Posted: Sunday, August 31, 2014 10:49:01 AM
I want to say something in defense of using PD images.
While I question the idea of someone slapping something like a PD picture of a tennis ball onto wrapping paper, I can see a point to someone finding some PD artwork and using it, since how else is someone going to see that print?

For example, I found some wonderful vintage travel posters online in the PD, and think they would be great on some products. While it isn't my original artwork or design, it does give people a chance to get products with that artwork, which would be otherwise unused and unseen. If I did that, I would note that they are public domain, and not my own work.

Posted: Sunday, August 31, 2014 11:00:57 AM
MarBethHomeDecor wrote:
colorwash wrote:
Have you actually seen public domain graphics in Walmart?



That is a question that I can't answer. I have never been a shop-til-you-drop shopper. Most of the time when I go shopping it is to buy something specicic. I go and get it and I am out of there. We have occasionaally gone to browse, window shop, to see what is out there but we haven't done that in about 3 years because of various circumstances. If I did go, to be able to recognize public domain images, I would have to have a knowledge base of public domain images beyond the depression era government paid photographers. If it is something that I have seen a lot on Zazzle like the chef design than I would know it came from some source like clip art, public domain, or stock photos. Although I mighT mention it here because there is one chain known for stealing designs from artists. However, If anyone can use it free or pay for the iuse of it then so can the designers for Walmart. I will admit that when I started here, I believed all the designs were people's original work.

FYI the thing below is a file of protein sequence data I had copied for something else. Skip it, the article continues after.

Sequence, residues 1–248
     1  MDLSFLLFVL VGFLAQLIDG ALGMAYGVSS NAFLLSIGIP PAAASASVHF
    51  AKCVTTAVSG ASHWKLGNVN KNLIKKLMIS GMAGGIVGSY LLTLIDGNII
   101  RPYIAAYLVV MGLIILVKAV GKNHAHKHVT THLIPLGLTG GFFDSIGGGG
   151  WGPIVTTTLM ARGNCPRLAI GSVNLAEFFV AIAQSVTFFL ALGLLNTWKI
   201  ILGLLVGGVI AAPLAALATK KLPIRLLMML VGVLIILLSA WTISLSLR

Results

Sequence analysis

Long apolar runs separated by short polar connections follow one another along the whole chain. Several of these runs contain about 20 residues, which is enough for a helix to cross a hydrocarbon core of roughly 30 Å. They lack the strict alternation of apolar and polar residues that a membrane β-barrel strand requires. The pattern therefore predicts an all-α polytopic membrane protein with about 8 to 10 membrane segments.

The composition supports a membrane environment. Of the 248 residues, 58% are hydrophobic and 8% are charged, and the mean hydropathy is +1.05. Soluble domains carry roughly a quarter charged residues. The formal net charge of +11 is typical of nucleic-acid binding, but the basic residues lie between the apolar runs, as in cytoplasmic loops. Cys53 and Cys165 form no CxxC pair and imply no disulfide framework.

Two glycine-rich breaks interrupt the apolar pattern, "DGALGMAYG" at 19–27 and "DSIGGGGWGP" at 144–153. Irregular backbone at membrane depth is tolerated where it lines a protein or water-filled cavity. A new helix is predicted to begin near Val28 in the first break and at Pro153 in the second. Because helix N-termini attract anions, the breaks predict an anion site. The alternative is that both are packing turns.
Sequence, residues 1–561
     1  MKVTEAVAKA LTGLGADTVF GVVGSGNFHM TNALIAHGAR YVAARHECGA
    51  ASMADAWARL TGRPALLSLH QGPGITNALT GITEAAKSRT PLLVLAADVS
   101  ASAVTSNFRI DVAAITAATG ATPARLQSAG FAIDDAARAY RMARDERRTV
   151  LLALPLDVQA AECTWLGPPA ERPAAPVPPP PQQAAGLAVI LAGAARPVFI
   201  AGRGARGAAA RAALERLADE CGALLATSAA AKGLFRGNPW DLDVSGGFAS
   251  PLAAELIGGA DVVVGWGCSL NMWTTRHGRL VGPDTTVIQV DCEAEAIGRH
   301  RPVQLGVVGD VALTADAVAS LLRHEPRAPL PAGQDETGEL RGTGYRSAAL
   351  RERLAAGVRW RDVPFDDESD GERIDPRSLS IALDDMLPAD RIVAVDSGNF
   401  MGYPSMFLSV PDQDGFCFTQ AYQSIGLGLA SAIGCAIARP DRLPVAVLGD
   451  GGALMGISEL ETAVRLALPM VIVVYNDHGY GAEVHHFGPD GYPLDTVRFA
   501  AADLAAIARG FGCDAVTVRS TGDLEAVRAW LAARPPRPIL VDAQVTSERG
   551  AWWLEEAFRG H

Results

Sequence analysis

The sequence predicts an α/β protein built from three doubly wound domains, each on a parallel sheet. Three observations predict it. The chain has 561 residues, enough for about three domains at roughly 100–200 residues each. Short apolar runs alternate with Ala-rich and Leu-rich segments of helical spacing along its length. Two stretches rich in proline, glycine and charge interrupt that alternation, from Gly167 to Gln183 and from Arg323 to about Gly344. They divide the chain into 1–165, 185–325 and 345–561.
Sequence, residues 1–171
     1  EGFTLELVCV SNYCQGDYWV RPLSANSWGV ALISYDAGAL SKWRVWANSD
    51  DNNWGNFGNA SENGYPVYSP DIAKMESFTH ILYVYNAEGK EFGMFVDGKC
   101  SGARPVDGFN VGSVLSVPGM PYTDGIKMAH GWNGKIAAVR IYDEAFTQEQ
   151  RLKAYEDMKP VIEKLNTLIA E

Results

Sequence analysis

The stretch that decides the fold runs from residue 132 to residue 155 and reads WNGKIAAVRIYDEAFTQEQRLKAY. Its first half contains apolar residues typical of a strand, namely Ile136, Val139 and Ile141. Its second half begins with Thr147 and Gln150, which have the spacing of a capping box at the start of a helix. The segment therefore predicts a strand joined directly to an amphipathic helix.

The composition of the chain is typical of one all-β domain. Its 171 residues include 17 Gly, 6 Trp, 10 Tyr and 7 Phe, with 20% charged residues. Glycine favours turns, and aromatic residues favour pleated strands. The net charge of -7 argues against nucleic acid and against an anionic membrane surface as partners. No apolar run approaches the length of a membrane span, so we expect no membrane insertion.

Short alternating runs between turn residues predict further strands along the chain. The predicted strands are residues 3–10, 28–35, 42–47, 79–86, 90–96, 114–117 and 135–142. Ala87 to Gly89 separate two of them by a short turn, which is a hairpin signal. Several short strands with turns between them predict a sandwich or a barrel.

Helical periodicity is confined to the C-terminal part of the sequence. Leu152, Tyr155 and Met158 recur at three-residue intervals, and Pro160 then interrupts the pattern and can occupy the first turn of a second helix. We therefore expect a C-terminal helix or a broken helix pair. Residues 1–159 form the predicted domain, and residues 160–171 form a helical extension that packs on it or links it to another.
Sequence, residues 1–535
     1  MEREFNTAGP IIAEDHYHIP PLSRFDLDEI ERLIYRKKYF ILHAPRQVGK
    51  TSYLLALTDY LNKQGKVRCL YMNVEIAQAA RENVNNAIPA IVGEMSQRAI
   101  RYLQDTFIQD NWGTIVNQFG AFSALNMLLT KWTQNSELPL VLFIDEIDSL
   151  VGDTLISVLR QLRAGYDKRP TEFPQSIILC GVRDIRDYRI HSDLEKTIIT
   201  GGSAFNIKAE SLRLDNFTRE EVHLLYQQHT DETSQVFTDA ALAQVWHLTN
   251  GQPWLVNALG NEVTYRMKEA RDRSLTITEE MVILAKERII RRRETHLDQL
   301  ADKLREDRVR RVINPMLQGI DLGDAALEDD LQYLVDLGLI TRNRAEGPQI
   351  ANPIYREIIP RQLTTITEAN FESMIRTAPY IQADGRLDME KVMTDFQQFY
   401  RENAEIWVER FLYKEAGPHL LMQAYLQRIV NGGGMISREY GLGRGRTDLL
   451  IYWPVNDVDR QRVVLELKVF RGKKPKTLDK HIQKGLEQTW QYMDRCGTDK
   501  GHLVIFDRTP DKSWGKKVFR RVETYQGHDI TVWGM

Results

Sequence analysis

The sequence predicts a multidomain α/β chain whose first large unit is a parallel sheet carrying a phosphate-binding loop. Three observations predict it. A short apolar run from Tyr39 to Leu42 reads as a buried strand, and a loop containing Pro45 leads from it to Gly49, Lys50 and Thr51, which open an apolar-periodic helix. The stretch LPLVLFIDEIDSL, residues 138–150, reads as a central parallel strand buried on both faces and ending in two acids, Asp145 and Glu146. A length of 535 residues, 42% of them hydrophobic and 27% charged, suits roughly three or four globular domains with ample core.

Well, it would seem you and I are alike. I despise shopping of any kind other than for art supplies.

What we're all really talking about is Zazzle, which allows the use of public domain images. I doubt those who create their own designs are brought low via association. Walk into any department store where you'll find both junk and fine items, the latter ending up shining even brighter because of those lesser brethren.
Posted: Sunday, August 31, 2014 11:34:03 AM
Parleremo wrote:
I want to say something in defense of using PD images.
While I question the idea of someone slapping something like a PD picture of a tennis ball onto wrapping paper, I can see a point to someone finding some PD artwork and using it, since how else is someone going to see that print?

For example, I found some wonderful vintage travel posters online in the PD, and think they would be great on some products. While it isn't my original artwork or design, it does give people a chance to get products with that artwork, which would be otherwise unused and unseen. If I did that, I would note that they are public domain, and not my own work.



I wouldn't bother noting that they were public domain. I don't think customers care. They see something they like, they buy it. As for customers thinking they are buying original art, it was all original at some point. Some of the art in my shops I made myself, some is public domain, some is art that I bought with a commercial license to use on PODs. If customers only wanted original, newly created artwork, I and a gazillion other shopkeepers wouldn't be selling, and I would never have become an elite proseller.
Posted: Sunday, August 31, 2014 12:53:13 PM